Will You Still be Paying Off Your Mortgage After You Turn 65?

One of the biggest financial outlays we are likely to face during our lives is a home mortgage. Paying back several hundred thousand pounds, of course, takes time. Recent statistics, however, show that as many as 1 in 6 of us will still be paying off our mortgage by the time we turn 65.

If we take a closer look, however, the statistics reveal an even more alarming trend. We’re much more likely to take our mortgage debt into our retirement years than generations that have gone before.

While younger, first time home buyers are mostly optimistic about paying off their sizeable mortgages by the time they finish work, the FCA says that this may be misplaced confidence on their part.

·        Nearly 40% of people who bought their first property with a mortgage in 2017 are likely to be paying it off after the age of 65.

·        Even among homeowners over the age of 55, about a quarter know that they will still be paying their mortgage into their seventies.

·        Some don’t believe (12%) that they will get to the state where they have fully paid back their mortgage completely before they die.

Why is it Harder to Pay Back Your Mortgage Now?

There are a couple of reasons for this. The first, of course, is the disparity between the rise of house prices and earnings. At the start of the 70s, the average house price was around £5,000. Prices then began to shoot up in the 1980s after right to buy was introduced. Even then the average price was just under £40,000. Today, the average price of a house in the UK is £235,000. In areas like London, it’s £472,000.

The other factor that is affecting whether people are going to be able to pay off their mortgage before retirement is when we are choosing to buy. We’re becoming homeowners much later in life than before. That’s also down to several reasons. The first is that as a population we’re becoming more professional and many of us are in education longer. Saving for a large deposit also means that many potential homeowners have to wait until they have got this together before they can buy. This generally means that we are borrowing more, much later in life and for longer periods.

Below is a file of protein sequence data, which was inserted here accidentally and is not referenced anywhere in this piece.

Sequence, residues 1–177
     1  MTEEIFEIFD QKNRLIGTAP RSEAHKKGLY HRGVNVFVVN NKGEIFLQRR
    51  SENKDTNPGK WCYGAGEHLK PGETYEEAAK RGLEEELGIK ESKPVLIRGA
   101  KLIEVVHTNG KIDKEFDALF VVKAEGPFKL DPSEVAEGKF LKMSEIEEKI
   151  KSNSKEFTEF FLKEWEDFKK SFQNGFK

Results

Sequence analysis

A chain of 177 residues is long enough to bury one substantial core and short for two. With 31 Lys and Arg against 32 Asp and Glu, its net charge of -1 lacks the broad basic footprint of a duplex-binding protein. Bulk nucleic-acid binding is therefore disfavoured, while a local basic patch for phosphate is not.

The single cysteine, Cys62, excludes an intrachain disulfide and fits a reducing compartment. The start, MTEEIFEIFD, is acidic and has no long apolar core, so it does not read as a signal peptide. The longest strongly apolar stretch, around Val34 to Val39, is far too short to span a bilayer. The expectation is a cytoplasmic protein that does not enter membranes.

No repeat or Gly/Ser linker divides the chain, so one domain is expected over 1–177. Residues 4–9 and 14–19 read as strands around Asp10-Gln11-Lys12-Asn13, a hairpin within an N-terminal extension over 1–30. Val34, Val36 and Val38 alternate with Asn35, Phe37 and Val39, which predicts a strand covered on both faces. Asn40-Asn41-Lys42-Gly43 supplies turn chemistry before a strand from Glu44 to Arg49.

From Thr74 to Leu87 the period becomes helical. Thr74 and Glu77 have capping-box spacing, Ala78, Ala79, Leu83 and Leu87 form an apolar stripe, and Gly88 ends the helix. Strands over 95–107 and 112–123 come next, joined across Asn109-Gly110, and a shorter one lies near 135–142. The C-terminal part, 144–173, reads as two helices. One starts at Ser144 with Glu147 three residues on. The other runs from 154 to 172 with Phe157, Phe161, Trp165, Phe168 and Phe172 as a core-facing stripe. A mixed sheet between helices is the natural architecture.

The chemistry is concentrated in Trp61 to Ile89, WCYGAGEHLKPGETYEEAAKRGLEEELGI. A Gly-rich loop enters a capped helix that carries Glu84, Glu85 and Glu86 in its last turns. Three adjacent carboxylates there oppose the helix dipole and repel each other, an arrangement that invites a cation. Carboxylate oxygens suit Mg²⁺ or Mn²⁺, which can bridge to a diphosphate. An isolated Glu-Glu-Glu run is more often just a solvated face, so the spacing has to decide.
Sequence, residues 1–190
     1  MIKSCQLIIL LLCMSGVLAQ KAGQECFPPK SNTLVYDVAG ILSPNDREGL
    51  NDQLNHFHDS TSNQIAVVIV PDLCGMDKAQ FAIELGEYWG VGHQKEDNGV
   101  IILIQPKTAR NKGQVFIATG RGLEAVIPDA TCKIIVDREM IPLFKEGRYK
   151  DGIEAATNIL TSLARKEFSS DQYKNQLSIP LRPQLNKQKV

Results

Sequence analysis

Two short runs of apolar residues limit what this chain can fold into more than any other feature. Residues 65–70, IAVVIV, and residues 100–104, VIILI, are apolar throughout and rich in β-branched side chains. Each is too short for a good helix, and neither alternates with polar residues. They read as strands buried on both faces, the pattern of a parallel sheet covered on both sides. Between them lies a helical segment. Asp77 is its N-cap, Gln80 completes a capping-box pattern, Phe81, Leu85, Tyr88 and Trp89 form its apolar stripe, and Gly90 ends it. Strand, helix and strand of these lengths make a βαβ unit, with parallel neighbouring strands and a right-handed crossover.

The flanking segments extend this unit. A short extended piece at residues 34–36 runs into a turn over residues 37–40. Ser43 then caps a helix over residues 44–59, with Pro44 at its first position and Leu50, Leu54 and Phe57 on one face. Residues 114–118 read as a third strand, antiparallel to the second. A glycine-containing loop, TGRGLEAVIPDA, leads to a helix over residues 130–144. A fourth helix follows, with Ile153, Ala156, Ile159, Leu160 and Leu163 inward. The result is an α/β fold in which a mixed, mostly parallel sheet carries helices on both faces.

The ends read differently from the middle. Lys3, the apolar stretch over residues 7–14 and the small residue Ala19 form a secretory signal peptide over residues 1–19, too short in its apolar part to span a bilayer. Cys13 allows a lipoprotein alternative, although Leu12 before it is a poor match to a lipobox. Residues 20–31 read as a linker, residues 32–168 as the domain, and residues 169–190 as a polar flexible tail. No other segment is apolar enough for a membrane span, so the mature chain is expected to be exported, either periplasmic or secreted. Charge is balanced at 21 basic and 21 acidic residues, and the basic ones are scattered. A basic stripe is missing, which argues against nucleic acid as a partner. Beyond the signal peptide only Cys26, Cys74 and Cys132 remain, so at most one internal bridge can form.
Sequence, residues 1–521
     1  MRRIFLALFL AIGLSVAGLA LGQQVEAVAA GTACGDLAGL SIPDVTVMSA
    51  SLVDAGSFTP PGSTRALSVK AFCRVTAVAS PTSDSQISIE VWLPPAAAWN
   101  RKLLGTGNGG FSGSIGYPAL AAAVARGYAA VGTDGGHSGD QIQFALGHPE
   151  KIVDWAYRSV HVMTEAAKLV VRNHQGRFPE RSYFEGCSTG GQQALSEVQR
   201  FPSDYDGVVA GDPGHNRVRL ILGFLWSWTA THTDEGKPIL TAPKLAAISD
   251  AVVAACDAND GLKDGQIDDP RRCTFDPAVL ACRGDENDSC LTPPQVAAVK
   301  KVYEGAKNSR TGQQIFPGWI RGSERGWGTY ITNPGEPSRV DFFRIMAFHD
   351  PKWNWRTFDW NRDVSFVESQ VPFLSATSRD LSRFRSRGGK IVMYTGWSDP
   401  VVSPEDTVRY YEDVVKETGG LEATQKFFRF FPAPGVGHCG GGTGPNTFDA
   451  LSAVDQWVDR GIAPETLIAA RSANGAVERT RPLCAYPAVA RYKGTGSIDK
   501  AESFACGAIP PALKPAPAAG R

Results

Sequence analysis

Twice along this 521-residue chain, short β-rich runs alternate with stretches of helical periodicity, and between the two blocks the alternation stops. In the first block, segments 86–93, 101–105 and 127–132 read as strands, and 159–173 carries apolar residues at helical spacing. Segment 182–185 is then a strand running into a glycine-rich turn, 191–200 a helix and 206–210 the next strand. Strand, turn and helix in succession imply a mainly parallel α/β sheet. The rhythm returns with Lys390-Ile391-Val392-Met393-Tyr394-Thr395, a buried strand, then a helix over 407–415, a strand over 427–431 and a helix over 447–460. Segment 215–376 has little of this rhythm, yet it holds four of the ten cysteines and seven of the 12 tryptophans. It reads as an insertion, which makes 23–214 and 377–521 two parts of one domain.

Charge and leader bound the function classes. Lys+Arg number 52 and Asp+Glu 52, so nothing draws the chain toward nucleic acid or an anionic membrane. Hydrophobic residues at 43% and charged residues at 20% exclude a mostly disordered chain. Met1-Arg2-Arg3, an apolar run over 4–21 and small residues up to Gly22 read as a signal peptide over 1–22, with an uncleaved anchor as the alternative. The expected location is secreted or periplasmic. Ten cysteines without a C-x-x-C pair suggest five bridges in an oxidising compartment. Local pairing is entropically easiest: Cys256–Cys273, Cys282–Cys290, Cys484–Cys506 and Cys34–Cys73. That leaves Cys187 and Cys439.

Other factors can also influence our attempts to pay back our mortgage: starting over after a divorce; dipping into equity in the house to help children or even ending up owing more than the house is currently worth for various reasons.   

Should You Be Worried About Paying Off Your Mortgage?

Some people may feel that having their mortgage extend beyond 65 is nothing to worry about, but it could present issues for others. What happens if your pension doesn’t cover the mortgage payments? What happens if you become sick in later life and can’t work? There are several solutions to these potential issues, such as: repaying more while you can, switching to a retirement interest-only mortgage or even paying it off using your pension lump sum. These options might not be suitable for everyone, so it is important to seek professional advice if you are worried that your mortgage is not likely to be paid off before you retire.

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